Directions to the next work: Go up the second flight of the stairs and, when you reach the first floor, turn immediately to the right. Stop in the second room you cross (room 662-1-Sully).

04- Henri II Room

Greek, Etruscan, and Roman Antiquities - Room 662

When the king resided in the Louvre, the antechamber served to keep petitioners patient, but parties were also given there. Every morning, many courtiers waited here for the end of the king's rising ceremony. With them musicians, tailors, hosier, sock makers and doctors stood ready to meet the needs of His Majesty. Here you are in the first room of the king's apartment, the anteroom. The current appearance of this room dates back to Louis XIV, who in 1660 decided to combine two rooms from the Renaissance period - the wardrobe and the anteroom - into a single room of larger dimensions. The central part of the ceiling woodwork dates from the 16th century. Observe its rich decoration of carved and gilded wood, adorned with the figure of Henry II; the carpenter Francisque Scibec de Carpi executed it in collaboration with the sculptor Etienne Carmoy. Look for the double L which appears in several places: it will help you identify the additions of Louis XIV. Do the paintings surprise you? They were made in 1953 by the painter Georges Braque to replace the previous decor, damaged by time.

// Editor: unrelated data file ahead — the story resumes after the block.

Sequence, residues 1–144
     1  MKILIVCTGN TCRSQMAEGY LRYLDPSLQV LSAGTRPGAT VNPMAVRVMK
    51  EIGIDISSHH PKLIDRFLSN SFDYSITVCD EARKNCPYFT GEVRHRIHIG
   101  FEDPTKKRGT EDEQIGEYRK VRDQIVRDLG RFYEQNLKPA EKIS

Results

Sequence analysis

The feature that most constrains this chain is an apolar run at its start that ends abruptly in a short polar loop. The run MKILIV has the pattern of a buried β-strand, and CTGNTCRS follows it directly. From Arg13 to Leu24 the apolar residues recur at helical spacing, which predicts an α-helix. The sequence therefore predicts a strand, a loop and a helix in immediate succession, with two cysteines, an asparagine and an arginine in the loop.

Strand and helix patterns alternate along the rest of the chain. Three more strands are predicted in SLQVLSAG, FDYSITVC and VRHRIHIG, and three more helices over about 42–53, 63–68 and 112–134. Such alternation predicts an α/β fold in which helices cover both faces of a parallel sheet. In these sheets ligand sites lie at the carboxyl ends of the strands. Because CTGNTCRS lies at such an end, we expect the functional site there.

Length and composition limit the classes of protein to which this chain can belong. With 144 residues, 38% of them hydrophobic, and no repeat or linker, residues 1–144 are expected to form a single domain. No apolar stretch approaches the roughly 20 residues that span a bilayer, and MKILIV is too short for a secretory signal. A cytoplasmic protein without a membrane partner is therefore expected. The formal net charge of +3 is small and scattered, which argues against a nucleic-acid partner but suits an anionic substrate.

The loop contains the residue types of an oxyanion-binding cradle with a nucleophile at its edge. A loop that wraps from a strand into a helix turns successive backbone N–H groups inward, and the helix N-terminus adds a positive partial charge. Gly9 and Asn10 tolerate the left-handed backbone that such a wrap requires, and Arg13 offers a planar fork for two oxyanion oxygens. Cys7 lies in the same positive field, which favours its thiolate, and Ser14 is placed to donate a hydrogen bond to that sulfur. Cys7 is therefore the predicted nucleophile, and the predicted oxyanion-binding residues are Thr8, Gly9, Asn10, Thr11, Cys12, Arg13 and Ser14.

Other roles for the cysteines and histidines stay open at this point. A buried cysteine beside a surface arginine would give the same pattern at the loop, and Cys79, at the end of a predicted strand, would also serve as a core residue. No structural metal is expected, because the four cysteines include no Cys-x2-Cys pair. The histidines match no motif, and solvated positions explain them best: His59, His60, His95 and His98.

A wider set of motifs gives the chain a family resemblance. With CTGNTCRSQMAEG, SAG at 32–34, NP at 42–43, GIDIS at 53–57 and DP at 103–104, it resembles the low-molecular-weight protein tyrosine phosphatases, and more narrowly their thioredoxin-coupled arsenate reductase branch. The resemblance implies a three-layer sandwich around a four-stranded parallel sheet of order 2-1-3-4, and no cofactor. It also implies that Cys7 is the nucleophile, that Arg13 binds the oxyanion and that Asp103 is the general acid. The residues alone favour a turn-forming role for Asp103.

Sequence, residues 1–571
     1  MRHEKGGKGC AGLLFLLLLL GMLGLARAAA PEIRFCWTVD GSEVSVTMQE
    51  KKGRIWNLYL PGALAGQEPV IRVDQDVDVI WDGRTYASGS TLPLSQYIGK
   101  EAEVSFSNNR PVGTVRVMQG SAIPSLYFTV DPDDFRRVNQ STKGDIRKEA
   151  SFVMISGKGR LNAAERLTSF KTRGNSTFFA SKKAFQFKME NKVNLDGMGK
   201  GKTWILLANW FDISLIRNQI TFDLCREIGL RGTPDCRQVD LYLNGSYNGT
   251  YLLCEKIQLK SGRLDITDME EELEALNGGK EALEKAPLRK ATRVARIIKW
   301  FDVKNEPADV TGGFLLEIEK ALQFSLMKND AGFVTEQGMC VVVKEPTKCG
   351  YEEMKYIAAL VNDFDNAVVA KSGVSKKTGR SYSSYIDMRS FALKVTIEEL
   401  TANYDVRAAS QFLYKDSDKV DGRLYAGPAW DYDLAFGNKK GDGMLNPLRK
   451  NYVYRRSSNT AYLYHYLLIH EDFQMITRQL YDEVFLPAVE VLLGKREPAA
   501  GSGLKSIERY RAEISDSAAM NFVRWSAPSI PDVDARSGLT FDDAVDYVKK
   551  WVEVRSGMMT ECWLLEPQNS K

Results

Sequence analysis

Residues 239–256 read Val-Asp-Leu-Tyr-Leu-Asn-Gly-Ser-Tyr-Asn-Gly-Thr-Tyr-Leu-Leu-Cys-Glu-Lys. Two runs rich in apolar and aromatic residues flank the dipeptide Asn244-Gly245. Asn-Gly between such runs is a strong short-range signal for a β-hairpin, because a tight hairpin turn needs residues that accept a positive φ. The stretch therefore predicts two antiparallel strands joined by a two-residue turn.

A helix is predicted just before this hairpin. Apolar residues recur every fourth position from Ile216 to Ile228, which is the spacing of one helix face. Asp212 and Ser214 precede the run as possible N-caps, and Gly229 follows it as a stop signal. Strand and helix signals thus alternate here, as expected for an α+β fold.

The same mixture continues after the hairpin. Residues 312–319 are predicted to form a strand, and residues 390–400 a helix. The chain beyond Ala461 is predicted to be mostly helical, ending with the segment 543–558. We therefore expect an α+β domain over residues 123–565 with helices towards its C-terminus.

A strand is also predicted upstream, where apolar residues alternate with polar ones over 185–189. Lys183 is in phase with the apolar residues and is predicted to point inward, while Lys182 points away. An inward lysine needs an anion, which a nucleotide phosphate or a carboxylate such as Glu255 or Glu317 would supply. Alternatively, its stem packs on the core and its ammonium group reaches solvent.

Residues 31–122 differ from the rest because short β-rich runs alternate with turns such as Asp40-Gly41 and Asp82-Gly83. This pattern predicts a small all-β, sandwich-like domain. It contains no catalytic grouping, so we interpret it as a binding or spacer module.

Directions to the next work: In the next room, turn immediately left. Continue straight ahead: you cross the rooms presenting the terracotta from Greek Antiquities, then those which are devoted to the collections of Egyptian Antiquities. When you reach the landing of the stairs, turn left, cross two rooms and enter the king's parade chamber (room 638 -1-Sully).

05- King's parade chamber

Egyptian Antiquities - Room 638

The room is actually only used for the rising ceremony: the king sleeps in another room next door (step 6). This room often hosts the "business council" which brings together the relatives of the sovereign. In the 16th century, Charles IX and Henri III often listened in this room to the reproaches of their mother, Catherine de Medici, and the advice of the Duke of Guise. In the 19th century, the woodwork from the king's bedroom, on the first floor of the king's pavilion (stage 7), was brought up here.

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France - Ile-de-France - Paris - Paris